Skip to content

Creatures & RTVs

red tree voleThe Northwest Ecosystem Survey Team protects old-growth forests from logging by conducting upper canopy surveys in order to find red tree vole nests. An active nest, a presently occupied nest, calls for the creation of a 10 acre habitat buffer.  Over the years, NEST has documented hundreds of active nests.

The red tree vole is a small rodent found in the coastal mountains and western Cascades of Oregon. This vole has a unique life history and highly specialized ecological niche. Of the approximately 70 vole species worldwide, the tree vole is unique in that it lives its life in the canopy of old-growth forests rather than on the ground. Due to their arboreal nature, relatively little is known about the critter.

Red tree voles are small, usually 6-8 inches including their long tail. Their coats vary depending on location ranging from dark reddish brown towards the northern range, lightening to an orange-red and cinnamon along the southern coast. Their feet are long and wide, adapted for climbing. They are nocturnal, secretive, and vital to coastal forest ecosystems.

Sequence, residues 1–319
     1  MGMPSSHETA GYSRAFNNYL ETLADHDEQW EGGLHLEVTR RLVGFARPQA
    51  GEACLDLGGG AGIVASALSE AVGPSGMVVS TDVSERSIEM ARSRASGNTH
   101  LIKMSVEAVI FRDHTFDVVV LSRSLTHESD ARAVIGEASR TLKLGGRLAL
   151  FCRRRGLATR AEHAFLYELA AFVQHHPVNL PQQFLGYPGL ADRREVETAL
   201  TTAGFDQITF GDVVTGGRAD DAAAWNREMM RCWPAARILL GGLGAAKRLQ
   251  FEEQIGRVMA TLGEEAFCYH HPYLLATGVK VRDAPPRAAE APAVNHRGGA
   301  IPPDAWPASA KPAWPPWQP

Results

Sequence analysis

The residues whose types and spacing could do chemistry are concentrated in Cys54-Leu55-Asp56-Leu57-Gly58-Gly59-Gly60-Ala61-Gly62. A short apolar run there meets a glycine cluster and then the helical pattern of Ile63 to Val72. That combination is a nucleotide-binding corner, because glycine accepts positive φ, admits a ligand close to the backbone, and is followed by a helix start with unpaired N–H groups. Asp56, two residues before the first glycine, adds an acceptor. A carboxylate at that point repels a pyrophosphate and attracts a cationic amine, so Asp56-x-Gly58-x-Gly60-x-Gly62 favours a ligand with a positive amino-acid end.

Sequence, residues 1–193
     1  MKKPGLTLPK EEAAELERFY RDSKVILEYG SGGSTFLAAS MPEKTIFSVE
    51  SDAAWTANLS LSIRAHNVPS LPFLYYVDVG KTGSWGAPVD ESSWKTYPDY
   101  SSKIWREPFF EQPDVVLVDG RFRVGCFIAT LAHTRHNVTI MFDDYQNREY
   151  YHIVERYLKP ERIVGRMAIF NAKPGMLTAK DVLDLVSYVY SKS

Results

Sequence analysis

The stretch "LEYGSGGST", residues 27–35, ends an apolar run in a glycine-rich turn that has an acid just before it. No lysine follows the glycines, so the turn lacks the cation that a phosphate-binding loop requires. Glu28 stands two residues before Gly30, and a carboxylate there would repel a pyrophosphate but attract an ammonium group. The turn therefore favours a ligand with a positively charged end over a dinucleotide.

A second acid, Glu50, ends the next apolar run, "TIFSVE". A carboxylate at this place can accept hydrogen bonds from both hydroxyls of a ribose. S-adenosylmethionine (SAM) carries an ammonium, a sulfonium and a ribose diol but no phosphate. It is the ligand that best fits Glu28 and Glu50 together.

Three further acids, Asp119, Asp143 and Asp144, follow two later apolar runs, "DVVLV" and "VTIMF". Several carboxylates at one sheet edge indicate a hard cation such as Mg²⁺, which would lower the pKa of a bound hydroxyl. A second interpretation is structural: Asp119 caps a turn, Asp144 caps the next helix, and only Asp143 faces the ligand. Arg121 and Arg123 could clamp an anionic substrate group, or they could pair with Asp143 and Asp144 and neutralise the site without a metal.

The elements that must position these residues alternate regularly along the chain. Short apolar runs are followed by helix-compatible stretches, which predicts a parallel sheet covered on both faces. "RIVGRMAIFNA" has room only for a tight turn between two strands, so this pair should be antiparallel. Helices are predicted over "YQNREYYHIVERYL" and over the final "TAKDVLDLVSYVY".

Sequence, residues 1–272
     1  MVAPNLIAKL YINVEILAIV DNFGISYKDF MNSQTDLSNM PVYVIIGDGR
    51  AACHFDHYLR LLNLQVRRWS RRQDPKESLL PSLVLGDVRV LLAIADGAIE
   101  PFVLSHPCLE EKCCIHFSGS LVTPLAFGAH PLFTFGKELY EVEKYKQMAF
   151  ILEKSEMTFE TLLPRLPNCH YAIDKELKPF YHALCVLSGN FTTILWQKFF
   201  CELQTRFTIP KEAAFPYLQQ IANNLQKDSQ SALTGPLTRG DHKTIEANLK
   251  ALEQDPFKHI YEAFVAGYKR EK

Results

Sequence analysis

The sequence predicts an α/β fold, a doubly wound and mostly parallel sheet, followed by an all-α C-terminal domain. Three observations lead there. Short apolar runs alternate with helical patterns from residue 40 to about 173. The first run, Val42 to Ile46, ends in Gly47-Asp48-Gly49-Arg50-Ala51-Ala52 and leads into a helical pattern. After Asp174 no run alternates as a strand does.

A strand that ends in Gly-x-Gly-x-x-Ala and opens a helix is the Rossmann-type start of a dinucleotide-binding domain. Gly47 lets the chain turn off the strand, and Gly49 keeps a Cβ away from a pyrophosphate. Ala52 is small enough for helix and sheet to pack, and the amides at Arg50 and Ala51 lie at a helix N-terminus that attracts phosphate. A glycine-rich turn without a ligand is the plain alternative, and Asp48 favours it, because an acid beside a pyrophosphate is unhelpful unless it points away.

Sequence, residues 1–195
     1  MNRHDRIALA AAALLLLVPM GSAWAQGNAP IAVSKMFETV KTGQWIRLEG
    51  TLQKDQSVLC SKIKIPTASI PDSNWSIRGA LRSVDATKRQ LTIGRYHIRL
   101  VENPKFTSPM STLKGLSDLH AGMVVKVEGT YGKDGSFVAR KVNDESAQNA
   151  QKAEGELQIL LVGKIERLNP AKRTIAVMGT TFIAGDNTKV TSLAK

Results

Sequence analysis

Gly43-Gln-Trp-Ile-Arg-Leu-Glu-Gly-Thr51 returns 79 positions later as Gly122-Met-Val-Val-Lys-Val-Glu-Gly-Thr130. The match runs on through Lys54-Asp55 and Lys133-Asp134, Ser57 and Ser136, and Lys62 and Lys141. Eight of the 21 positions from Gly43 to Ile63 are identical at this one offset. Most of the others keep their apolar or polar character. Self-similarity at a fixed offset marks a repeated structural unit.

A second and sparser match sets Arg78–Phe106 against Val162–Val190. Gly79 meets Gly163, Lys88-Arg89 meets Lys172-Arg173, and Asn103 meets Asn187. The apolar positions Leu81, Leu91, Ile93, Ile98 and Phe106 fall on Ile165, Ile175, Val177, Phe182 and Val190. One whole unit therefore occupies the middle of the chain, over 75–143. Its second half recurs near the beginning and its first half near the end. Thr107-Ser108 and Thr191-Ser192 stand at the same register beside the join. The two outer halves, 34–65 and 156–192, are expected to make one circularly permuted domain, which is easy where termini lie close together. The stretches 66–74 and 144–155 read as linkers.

Douglas Fir needles are the main staple of their diet but they have been document to eat many different conifer needles.  They get their water from the needles by licking off moisture from rain, dew and fog. They don’t eat the entire needle,  there is a non edible portion called a resin duct. Hair like in nature, it is discarded or used to make their nest.  Interesting fact:  young red tree voles must eat excrement from adults to obtain bacteria to digest the needles.

No comments yet

Leave a Reply

Fill in your details below or click an icon to log in:

WordPress.com Logo

You are commenting using your WordPress.com account. Log Out / Change )

Twitter picture

You are commenting using your Twitter account. Log Out / Change )

Facebook photo

You are commenting using your Facebook account. Log Out / Change )

Google+ photo

You are commenting using your Google+ account. Log Out / Change )

Connecting to %s

%d bloggers like this: